The MMUSIC work items will be pursued in close coordination with other IETF WGs related to multimedia conferencing and IP telephony (AVT, SIP, SIPPING, SIMPLE, XCON, MEGACO and, where appropriate, MIDCOM and NSIS). Where appropriate, new separate working groups may be split off (as has happened with the SIP WG).
The Working Group is also charged with addressing security issues related to the protocols it develops.
|Done||Conduct WG Last Call for SAP Internet-Draft|
|Done||Submit a revised Internet Multimedia Conferencing Architecture I-D.|
|Done||Submit a revised SIP I-D.|
|Done||Submit SDP to the IESG for consideration as a Proposed Standard.|
|Done||Submit SAP Internet-Draft to IESG for publication as an Experimental Protocol.|
|Done||Conduct WG Last Call for RTSP Internet-Draft.|
|Done||Submit Internet-Draft on Internet Multimedia Conferencing Architecture.|
|Done||Submit RTSP to IESG for consideration as a Proposed Standard.|
|Done||Conduct WG Last Call for SIP Internet-Draft.|
|Done||Submit SIP Internet-Draft to IESG for consideration as a Proposed Standard.|
|Done||Conduct WG Last Call for SAP Security Internet-Draft.|
|Done||Conduct second WG Last Call for SAP.|
|Done||Submit SAP Internet-Draft to IESG for consideration as a Proposed Standard.|
|Done||Submit SAP Security Internet-Draft to IESG for consideration as a Proposed Standard.|
|Done||Submit IPv6 Extensions to SDP for Proposed Standard|
|Done||Submit SIP's offer/answer use of SDP for Proposed Standard|
|Done||Submit SDP4NAT for Proposed Standard (Informational?)|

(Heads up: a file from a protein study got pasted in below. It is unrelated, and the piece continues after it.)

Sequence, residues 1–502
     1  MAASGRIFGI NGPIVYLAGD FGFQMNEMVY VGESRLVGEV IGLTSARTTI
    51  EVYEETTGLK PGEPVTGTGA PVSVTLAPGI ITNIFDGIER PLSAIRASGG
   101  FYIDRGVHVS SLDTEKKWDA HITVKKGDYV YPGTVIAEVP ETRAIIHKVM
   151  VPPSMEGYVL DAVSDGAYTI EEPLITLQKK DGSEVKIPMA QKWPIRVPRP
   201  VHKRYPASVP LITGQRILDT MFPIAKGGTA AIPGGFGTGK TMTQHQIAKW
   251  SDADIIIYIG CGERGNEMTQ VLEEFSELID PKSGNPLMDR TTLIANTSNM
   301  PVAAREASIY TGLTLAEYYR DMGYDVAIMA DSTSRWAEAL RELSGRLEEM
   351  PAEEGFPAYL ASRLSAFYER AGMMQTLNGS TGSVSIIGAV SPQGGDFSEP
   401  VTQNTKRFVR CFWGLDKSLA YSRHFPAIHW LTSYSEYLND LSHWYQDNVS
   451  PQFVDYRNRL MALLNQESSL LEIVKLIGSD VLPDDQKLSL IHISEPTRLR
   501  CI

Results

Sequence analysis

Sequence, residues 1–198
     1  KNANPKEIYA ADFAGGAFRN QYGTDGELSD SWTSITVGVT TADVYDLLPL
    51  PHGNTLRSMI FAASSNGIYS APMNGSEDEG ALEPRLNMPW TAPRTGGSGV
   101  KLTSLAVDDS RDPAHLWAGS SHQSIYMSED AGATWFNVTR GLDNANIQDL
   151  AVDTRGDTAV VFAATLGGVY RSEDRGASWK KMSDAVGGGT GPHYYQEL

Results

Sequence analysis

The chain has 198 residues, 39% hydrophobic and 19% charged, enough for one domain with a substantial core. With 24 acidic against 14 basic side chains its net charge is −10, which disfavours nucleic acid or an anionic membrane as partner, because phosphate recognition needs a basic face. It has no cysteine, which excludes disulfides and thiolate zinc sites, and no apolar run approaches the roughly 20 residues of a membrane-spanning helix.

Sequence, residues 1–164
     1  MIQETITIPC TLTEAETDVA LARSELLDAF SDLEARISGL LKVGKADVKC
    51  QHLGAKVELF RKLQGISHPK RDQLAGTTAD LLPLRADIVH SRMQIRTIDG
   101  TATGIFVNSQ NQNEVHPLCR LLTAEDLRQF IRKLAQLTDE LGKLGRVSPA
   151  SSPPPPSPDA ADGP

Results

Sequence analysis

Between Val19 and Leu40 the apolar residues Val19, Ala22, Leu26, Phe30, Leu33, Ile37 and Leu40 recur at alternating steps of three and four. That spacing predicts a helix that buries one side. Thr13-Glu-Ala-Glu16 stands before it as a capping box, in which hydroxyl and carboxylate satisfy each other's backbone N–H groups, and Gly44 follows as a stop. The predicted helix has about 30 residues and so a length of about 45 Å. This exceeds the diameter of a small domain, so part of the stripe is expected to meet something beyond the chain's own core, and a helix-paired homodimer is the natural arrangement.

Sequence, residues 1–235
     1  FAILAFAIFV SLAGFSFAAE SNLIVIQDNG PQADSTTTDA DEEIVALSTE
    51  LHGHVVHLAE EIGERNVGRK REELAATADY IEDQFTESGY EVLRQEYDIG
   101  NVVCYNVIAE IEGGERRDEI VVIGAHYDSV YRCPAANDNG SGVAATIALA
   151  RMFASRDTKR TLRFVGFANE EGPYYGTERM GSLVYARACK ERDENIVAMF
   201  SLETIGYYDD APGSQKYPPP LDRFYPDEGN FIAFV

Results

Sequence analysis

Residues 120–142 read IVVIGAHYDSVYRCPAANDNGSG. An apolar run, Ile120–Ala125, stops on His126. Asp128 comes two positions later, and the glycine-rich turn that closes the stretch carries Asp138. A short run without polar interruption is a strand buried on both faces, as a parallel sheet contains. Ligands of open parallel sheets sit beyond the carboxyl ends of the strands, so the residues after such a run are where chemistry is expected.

|Done||Submit SDP source filter extensions for Proposed Standard|
|Done||Submit draft on SDPng motivations, comparisons with current SDP capabilities. Request charter review on SDPng work from IAB and IESG.|
|Done||Submit SDP security extension for Proposed Standard|
|Jun 04||Submit IMG requirements and framework for Informational|
|Jun 04||Submit RTSP MIB for Proposed Standard|
|Aug 04||Review work on IMGs and update charter accordingly|
|Aug 04||Submit revised SDP spec for Proposed (or Draft) Standard|
|Aug 04||Submit SDP Offer/Answer examples for Informational|
|Aug 04||Review work on IMGs and update charter accordingly|
|Sep 04||Submit SDP connection-oriented media draft for Proposed Standard|
|Nov 04||Submit SDPng transition scenarios for Informational|
|Nov 04||Submit SDPng base specification for Experimental|
|Nov 04||Submit ICE draft for Proposed Standard|
|Feb 05||Submit revised RTSP spec for Proposed or Draft Standard (as appropriate)|
|May 05||Submit RTSP NAT considerations draft|
|Jul 05||Consider update of SDP specification for draft standard|
|Dec 05||Submit updated SDP Offer/Answer examples draft for Informational|
|RFC2326||PS||Real Time Streaming Protocol (RTSP)|
|RFC2327||PS||SDP: Session Description Protocol|